New York Photo Safari

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When I was in New York earlier this month, I participated in a New York Photo Safari led by a great photographer and instructor named Zim (who is actually also the owner of the business).  While I’ve taken quite a few photography classes, it’s quite different getting feedback after the fact versus while actually taking the photos.  I loved the tour and feel like it made me realize that I could be a bit more deliberate when taking photos.  I’ll share a couple of the photos I took on the safari and some things that stuck with me since the tour.

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Take photos from different angles.  Even if you think the first angle is the absolute best one, move your head, move lower, move to the sides.  Keep shooting, don’t stop and check each image because you might miss your picture in the process.

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Taking a step back and zooming in can change the entire composition of the photograph and definitely changes the relationship between the foreground and the background.  Also, everything condenses and looks much more crowded in you’re going for that look.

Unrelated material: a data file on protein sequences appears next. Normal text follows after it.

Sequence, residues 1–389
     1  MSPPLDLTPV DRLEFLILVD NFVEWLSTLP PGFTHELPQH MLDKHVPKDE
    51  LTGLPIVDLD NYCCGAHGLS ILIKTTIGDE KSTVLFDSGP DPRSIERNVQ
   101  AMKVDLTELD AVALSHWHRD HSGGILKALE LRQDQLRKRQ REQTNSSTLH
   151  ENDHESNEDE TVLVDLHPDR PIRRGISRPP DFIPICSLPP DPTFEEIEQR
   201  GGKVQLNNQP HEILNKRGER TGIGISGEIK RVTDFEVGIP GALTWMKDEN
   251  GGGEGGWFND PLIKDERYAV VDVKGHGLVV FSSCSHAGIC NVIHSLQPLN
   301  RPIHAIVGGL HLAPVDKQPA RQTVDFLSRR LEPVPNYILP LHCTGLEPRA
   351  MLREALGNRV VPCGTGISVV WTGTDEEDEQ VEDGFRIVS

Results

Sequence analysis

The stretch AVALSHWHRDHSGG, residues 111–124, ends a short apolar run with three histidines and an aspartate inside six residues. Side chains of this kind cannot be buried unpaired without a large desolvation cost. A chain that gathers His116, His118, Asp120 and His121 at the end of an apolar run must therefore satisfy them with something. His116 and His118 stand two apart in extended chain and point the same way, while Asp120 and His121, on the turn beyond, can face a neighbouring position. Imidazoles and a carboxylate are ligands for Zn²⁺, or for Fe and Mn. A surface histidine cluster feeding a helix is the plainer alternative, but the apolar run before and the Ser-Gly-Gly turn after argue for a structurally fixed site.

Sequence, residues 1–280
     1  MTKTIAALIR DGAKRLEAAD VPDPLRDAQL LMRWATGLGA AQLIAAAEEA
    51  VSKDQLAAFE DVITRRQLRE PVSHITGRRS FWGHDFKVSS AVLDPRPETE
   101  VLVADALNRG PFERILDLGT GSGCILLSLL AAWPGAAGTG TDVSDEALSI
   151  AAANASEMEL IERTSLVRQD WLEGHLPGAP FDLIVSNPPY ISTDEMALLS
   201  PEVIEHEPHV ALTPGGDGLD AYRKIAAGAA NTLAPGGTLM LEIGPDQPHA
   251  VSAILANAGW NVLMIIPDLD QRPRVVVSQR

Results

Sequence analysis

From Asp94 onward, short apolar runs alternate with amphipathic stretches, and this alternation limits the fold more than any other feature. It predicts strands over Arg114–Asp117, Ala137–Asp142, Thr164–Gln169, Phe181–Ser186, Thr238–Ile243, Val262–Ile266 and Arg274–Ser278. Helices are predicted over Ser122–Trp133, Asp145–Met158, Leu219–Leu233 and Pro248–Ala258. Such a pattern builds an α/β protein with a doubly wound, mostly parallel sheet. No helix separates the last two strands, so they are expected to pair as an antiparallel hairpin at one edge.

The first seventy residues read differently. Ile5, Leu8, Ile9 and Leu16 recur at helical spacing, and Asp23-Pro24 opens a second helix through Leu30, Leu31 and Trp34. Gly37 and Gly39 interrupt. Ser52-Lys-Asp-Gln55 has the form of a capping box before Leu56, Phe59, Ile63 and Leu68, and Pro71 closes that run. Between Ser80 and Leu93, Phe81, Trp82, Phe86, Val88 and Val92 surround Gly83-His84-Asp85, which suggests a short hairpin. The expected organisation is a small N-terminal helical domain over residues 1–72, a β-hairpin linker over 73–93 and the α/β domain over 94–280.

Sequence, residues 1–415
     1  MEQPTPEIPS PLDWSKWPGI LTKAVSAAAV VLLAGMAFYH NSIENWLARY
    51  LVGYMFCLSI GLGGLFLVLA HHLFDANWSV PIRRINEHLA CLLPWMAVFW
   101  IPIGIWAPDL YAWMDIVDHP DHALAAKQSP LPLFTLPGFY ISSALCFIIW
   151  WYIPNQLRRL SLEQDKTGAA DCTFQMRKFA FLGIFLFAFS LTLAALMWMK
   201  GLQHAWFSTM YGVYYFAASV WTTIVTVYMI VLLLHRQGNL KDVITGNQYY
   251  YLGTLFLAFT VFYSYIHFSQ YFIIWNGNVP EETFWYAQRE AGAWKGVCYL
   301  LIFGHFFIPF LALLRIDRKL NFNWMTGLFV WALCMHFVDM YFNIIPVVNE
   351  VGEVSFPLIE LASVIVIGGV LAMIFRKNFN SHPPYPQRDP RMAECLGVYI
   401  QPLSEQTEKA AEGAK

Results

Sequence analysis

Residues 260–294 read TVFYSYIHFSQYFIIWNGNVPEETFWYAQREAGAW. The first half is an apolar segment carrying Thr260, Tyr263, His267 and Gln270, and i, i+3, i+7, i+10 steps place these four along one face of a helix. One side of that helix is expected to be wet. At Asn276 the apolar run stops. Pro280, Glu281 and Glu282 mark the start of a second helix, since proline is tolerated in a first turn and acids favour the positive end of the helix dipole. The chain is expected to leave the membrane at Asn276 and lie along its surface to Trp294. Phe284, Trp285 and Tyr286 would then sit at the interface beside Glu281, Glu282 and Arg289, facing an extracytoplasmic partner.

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Pay attention to lines.  I find buildings incredibly boring to photograph, but I’m beginning to realize that maybe that’s because I’m not entirely sure how to make them interesting.  Working with Zim made me see the different possibilities of working with lines, reflections and multiple buildings.

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This lesson is my favorite: Don’t be greedy.  Pick ONE thing and photograph it.  Do not try to fit everything into one photograph, instead pick one thing and make it interesting.  Save the other stuff for a different photograph or at least make sure the the background is actually a background and is not battling for attention with the main subject.

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Lastly, don’t be afraid to step into traffic.  Just kidding, that’s not actually a lesson.  Stay safe.  But do try new perspectives, get low to the ground and alongside the cars on the street.  Make the viewpoint a bit more dramatic.

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